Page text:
The values ​​in whose name they speak, such as justice, brotherhood, equality and freedom are sacred values whose foundations stem from the Torah, but when they emerge out of a superficiality rooted in arrogance and contempt for other values ​​and cultures, as well as ignoring the infinite complexity of human life, they cause immense suffering to countless numbers of people.

It is precisely the Torah that is intended to guide all of us through the complexities of life, teaching us to choose well within a complicated reality.

The Fault of the Legal Establishment

Under normal circumstances a libel suit should have been brought against those who slandered the Torah and Rabbi Krim for allegedly not respecting moral values. But to whom can one appeal? Indeed, the entire legal establishment is contaminated! The Supreme Court judges accepted the petition on the grounds that presumably the allegation that Rabbi Krim supported attacking women during wartime was true. They should have rejected the petition out of hand for one of two reasons: a) it is not a matter for the court to intervene in administrative decisions, as long as there is no criminal allegations. B) There is no feasibility of truth in the actual petition itself. After all, at no time in history was there ever a Torah commentator who claimed that the taking of an ‘eshet yefat toar’ was a good thing, and it’s illogical to presume that precisely Rabbi Krim would all of a sudden say it was a mitzvah from the Torah. Instead, the judges agreed with the petitioners, accepting the libelous slander that perhaps the Torah actually says so, and consequently, a rabbi could give such a directive. Having not rejected the petition, they became partners in the slander, similar to what we have learned concerning those who hear loshon ha’ra (evil speech) that they are also considered sinners. For it’s not only the mouse that is a thief, but also the hole encouraging him to enter. The lawyer representing the government whose job it was to defend the Chief IDF Rabbi’s appointment, muttered some nonsensical arguments demonstrating ignorance, disrespect, and mistrust of the Torah and rabbis.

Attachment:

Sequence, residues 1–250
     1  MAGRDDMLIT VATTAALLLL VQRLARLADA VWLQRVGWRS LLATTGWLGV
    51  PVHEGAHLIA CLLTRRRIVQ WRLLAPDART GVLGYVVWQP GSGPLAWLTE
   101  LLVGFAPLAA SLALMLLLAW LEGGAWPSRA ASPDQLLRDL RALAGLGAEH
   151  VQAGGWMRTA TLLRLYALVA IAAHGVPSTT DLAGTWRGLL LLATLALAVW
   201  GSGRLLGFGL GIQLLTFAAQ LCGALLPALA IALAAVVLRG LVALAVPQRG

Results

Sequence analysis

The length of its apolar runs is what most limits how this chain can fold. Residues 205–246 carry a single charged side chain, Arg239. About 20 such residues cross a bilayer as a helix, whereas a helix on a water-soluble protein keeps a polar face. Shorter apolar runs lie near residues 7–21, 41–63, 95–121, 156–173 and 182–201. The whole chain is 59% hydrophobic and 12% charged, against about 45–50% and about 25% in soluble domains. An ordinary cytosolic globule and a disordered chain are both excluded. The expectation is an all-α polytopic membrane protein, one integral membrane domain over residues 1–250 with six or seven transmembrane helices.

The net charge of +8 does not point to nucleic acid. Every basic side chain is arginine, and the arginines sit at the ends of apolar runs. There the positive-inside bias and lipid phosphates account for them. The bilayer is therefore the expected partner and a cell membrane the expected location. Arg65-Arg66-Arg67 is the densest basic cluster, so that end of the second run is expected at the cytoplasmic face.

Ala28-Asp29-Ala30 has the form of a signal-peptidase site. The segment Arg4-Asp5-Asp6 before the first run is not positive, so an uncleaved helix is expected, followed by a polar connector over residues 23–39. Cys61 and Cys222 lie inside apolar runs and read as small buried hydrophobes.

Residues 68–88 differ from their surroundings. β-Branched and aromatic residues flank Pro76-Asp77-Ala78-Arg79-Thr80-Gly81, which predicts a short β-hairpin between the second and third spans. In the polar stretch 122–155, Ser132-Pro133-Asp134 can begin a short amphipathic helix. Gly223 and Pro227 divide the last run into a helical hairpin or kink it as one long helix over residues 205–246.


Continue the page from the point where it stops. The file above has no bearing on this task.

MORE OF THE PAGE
The aim of the petition was to humiliate the laws of the Torah and its adherents, and to show everyone that the secular law is above the Torah, and since the legal establishment volunteered to be part of this, the primary blame lies with them.

The Case of Amona

Also in regards to Jewish settlement in the community of Amona, the legal establishment acted similarly. Ignoring the mitzvah of yishuv ha’aretz (the commandment to settle the Land) and the vision of its redemption in Torah, the Prophets, and Jewish heritage, from the very beginning the courts gave priority to the flimsy claims of the petitioners, which even if they do exist, not once did any of their family members ever purchase these lands, or settle them. The only advantage the petitioners have over the settlers is that they are Arabs, whereas the settlers are Jews; consequently, the court ordered the demolition of their homes.

Harm to the Jewish Identity of the State

In a continuous process, the legal establishment has gnawed away at the country’s Jewish identity. Let’s now recall their main decisions and orders in this issue: 1) In a series of decisions the courts weakened the importance of Shabbat, permitting increasing public desecration of Shabbat (cinemas, shopping centers in outlying areas, etc.); 2) Despite the Knesset passing the “Foundations of Law” statute, whereby in a case of any legal question undecided by Israeli law, the court must decide in accordance with the values ​​of Israel’s heritage – in practice, the Supreme Court depleted this law from all content; 3) the courts harmed Jewish family values by recognizing the adoption of children by same-sex couples; 4) they recognized Reform conversions performed outside of Israel; 5) the courts recognized in practice (de facto) civil marriage ceremonies conducted outside of Israel, including same-sex “marriages”; 6) They harmed the status of the Hebrew language as the official national language of the country by nearly equating Arabic to Hebrew; 7) they prevented the disqualification of the Balad party and anti-Zionist candidates for Knesset, and this, in opposition to the opinion of the Elections Committee who relied upon the Basic Law of the Knesset prohibiting a party that negates the Jewish identity of the state to run for election; 8) the court system forced the participation of women singers and actresses in official and semi-official ceremonies, without taking into account the position of halakha and the religious and Haredi communities.

Harm to the Rabbinate and Religious Courts

1) In a series of decisions, the Supreme Court intervened in the discretion of municipal Chief Rabbis regarding the provision of kosher certification; 2) they obligated the religious courts to decide according to secular law in monetary matters; 3) prohibited national religious courts from serving as arbitrators according to the Arbitration Law; 4) established courts dealing with family issues, designed to compete with the religious courts.

Harm to the Importance of Yishuv Ha’aretz